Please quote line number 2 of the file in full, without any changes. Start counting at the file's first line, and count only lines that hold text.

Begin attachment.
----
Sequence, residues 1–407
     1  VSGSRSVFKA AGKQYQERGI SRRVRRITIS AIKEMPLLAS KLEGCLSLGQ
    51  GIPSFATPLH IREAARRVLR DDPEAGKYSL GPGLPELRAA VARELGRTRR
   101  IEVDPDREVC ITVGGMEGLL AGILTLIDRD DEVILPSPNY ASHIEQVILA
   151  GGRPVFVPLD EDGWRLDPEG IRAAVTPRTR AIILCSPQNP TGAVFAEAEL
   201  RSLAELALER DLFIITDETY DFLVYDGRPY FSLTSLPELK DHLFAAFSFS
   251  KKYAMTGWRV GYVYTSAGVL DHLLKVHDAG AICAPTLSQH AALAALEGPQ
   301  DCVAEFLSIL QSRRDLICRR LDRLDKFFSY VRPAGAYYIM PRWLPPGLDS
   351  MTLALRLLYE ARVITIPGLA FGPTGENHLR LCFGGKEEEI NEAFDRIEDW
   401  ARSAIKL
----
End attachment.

     1  VSGSRSVFKA AGKQYQERGI SRRVRRITIS AIKEMPLLAS KLEGCLSLGQ